While previous longitudinal research demonstrates long-standing and pervasive maternal psychopathology after preterm birth [34], findings of this study are consistent with parental quality of life converging closer to that of term birth over time [35]. In addition, current findings align with well-documented parenting research that describes the preschool-to-school entry transition period as one of the most stressful intervals for familial outcomes due to changes in routine, care responsibilities, child-related demands, and increased opportunity for parental comparisons. Among parents of children born preterm, these challenges are likely exacerbated due to the increased risk for poorer school readiness [36] and emerging child behavioral and emotional difficulties relative to their term-born peers [17]. Importantly, the findings of this study have identified a range of risk factors including child neonatal and sociodemographic characteristics. This information can be used for antenatal screening and targeted postpartum follow-up services.

Our findings provide support for the revised process model of parental functioning by Taraban & Shaw (2018) [37, 38], which highlights the importance of cognitive and affective parent characteristics in the development of optimal functioning. Further, findings highlight the importance of neonatal and early social factors in the development of these processes. This emphasizes the importance of early surveillance for mothers after preterm birth who may face a greater risk for disruptions in self-relating and parenting competence, particularly younger mothers, those who had a multiple birth pregnancy, and those who may not have a strong support system. Findings accentuate the unaddressed need for targeted support for intrapersonal outcomes beyond the treatment of early postpartum psychopathology and parenting behavior difficulties.

Our findings highlight the importance of a holistic and long-term characterization of maternal experiences after preterm birth [39,40,41]. This recommendation acknowledges the dynamic nature of parenting over time and will enable preventive approaches towards the inclusive optimization of outcomes for all parents rather than the reactive treatment of clinically significant cases. While several associations identified in this study are difficult to modify due to their complex nature, maternal psychosocial well-being and other related indicators (i.e., guilt, shame) may be more readily optimized through empirically supported psychosocial interventions. This includes but is not limited to compassion-focused therapy [42], compassionate mind training [43], acceptance and commitment therapy [44], mindfulness-based cognitive therapy [45], and the preterm birth-specific PREM-baby Triple P [46]. Despite the unique therapeutic differences of these approaches, collectively, they focus on intrapersonal outcomes and provide specific strategies and mechanistic pathways towards assisting parents who experience guilt and shame following a preterm birth.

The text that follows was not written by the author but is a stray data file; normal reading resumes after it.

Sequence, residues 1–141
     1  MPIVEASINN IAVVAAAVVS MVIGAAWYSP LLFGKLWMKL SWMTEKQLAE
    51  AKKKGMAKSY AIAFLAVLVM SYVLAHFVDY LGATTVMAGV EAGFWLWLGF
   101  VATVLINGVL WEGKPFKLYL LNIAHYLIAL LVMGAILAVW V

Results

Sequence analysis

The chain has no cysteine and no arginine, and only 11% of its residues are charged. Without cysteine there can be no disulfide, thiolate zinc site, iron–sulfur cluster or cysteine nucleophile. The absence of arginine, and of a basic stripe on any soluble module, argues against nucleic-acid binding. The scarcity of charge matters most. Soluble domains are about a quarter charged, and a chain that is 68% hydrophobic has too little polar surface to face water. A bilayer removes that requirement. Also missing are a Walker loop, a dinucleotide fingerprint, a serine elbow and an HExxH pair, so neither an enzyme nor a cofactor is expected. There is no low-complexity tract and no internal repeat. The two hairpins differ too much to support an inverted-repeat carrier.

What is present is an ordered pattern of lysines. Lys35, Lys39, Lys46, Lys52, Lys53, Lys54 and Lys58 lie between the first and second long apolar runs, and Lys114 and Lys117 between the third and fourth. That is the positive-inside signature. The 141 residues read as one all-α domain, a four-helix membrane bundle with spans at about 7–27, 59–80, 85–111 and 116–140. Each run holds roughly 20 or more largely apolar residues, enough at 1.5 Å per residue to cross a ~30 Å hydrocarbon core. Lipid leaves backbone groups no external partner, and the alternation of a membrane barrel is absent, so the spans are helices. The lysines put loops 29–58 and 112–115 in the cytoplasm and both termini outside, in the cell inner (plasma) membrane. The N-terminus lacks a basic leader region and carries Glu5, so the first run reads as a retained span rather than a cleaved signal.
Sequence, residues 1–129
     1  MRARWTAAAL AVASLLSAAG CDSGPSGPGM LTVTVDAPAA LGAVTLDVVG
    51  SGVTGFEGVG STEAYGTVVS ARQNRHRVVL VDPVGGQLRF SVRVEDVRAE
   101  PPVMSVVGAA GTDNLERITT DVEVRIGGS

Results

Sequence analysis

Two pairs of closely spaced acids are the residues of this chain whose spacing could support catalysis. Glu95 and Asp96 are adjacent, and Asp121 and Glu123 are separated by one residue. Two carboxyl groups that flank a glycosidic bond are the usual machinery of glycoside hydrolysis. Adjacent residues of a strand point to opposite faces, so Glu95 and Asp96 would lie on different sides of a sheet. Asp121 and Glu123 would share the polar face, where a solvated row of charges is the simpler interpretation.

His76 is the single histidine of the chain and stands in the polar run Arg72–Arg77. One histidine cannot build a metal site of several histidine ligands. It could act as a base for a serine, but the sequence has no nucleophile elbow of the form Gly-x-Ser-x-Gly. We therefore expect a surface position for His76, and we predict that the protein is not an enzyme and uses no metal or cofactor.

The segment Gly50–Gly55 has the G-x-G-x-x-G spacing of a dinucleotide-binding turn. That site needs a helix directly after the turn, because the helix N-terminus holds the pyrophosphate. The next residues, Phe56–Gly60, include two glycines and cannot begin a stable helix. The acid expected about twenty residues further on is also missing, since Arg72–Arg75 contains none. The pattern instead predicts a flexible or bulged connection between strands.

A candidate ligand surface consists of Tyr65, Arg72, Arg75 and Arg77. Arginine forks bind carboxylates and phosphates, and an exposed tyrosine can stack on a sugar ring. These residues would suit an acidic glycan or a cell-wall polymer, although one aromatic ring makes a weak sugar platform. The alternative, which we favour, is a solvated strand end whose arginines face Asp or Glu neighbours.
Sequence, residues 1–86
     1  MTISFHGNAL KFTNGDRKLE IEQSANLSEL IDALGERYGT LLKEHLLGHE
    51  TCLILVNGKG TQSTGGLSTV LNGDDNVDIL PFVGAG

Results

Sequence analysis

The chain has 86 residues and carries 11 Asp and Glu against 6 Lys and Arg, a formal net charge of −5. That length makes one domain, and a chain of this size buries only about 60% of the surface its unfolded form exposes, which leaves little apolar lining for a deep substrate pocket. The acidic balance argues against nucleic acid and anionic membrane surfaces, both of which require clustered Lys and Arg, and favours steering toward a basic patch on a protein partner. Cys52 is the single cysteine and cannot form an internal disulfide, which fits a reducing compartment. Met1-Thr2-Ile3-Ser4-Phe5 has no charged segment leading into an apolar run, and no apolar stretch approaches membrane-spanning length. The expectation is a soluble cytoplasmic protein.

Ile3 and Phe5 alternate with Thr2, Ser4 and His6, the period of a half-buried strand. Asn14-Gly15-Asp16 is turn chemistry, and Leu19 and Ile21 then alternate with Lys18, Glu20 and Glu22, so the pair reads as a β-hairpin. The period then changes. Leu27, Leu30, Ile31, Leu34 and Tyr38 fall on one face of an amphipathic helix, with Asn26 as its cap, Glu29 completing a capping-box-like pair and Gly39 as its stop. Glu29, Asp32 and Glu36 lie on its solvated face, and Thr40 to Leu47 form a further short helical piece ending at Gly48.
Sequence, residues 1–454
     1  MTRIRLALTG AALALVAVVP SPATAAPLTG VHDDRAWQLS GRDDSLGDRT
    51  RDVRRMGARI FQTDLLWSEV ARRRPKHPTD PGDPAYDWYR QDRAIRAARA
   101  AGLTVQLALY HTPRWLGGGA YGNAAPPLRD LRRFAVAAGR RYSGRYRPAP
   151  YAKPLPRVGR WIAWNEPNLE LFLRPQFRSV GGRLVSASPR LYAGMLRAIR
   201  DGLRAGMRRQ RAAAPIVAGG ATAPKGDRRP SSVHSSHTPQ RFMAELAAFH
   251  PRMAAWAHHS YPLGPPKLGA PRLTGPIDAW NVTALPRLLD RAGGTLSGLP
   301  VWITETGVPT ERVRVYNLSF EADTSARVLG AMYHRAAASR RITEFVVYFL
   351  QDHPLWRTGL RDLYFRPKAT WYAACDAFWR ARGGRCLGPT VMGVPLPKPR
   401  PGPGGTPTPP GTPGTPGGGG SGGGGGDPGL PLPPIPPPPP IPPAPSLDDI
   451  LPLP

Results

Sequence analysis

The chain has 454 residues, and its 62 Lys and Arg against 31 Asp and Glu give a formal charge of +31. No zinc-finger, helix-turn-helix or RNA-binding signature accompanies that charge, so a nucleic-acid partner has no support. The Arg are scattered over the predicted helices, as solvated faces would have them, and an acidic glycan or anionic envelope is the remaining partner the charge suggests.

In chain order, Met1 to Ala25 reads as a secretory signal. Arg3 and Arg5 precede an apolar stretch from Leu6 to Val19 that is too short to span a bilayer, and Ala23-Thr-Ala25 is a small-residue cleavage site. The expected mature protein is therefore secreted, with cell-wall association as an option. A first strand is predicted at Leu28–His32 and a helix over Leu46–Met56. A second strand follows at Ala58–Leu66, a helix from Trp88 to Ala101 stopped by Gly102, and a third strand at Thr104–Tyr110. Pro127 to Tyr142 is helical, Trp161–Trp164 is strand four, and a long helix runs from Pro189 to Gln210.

Recently, due to technological advancements, psychosocial support has become more readily accessible through telehealth and social media avenues [47]. This is particularly pertinent for parents of children born preterm who may experience increased time demands because of ongoing child healthcare needs such as neurodevelopmental follow-up, relative to families with term-born children. Research has identified that mothers who use social media engage with a high level of information-seeking and sharing concerning their parenting role and consider internet-based connections as positive sources of social support [48]. The high proportion of families experiencing preterm birth who participate in neonatal and high-risk birth social media groups and pages, which were used to recruit for this study, supports the relevance of internet-based delivery systems for this population. While this aided in obtaining a large sample, these online recruitment efforts may have introduced selection bias to this study. Specifically, each organization had the primary aim of providing support and enhancing parental belonging. There are many benefits to receiving social support, particularly for mothers including reduced parenting stress [49], increased positive attitudes about being a mother [50], promoting adaptive and responsive parent-child interactions [51], and of note, buffering the negative association between parenting stress and satisfaction [52]. It is therefore plausible that our sample of mothers may have experienced a higher level of optimal well-being compared with mothers who do not belong to or relate with parenting organizations, potentially magnifying the importance of concurrent well-being as a key correlate for maternal outcomes.